The script for half a dozen panels portraying an interview with a “Congressman Rodomontade” read as follows:
“Congressman Rodomontade, what is your philosophy about how our democracy works?” The “congressman” responded: “When I first came to Congress, I saw myself as a humble representative! I came to Washington to SERVE my constituents. Right away everybody treated me with great RESPECT and deference. It was not difficult to become accustomed to the heady feeling of being IMPORTANT. In fact, it didn’t take long for me to realize that I am really a GREAT MAN. And that is why I know what is better for the voters than THEY do!”
The philosophy of the “congressman” may or may not mirror true-to-life situations you’ve observed. It does call to mind an oft-expressed statement that new lawmakers go to Washington imbued with cutting taxes, cutting red tape. retiring the national debt, etc. Only to fall into the “Washington club” pattern after a few terms.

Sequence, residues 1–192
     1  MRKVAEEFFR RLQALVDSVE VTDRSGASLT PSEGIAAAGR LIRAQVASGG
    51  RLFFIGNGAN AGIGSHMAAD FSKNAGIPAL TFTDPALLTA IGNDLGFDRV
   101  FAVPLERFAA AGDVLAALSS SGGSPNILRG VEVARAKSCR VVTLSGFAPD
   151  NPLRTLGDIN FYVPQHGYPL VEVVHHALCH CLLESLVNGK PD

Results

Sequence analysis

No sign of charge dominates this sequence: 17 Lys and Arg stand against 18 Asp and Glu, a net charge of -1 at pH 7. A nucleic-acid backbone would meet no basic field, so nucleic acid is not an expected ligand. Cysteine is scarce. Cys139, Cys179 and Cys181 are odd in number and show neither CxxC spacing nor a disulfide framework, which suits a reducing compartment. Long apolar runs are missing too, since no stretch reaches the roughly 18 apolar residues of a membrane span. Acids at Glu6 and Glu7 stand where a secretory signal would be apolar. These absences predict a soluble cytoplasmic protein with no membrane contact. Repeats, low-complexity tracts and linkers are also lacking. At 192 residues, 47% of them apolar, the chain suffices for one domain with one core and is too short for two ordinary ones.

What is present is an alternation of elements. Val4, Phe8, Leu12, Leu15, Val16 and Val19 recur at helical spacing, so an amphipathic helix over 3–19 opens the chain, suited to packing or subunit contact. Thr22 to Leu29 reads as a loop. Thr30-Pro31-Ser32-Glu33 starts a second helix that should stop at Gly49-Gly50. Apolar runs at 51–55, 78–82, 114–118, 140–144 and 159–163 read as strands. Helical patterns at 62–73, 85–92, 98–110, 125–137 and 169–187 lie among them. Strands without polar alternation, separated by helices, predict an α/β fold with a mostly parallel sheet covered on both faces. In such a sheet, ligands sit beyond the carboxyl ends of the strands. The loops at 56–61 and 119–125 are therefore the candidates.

But that isn’t rule-of-thumb by any means. In Utah and elsewhere we can point with pride to many senators and congressmen who have held to their promises and stood up for what they believe through the years.
A well-known Provo citizen, John H. Zenger, cited “Congressman Rodomontade” philosophy in a letter directed to a state paper urging that the number of terms in office be limited. The theory that solons grow more distant from the voters after long periods in service undoubtedly is true in many cases – but again, it isn’t necessarily so.
Mr. Zenger wondered “if it isn’t about time the system be changed to limit the terms to one or two, just as the office of President is now limited to two.” (In a previous letter he’d suggested increasing congressmen’s terms to four years.) He also advocated considering a requirement that candidates for Congress must have served in a state legislature. This, he said, would counter the contention that a congressman spends his first term learning the job, and would assure some knowledge of the legislative processes and issues.
There is food for thought in these suggestions. Without taking a position one way or another on the proposals at this time, we’d like to see some public input and discussion on them.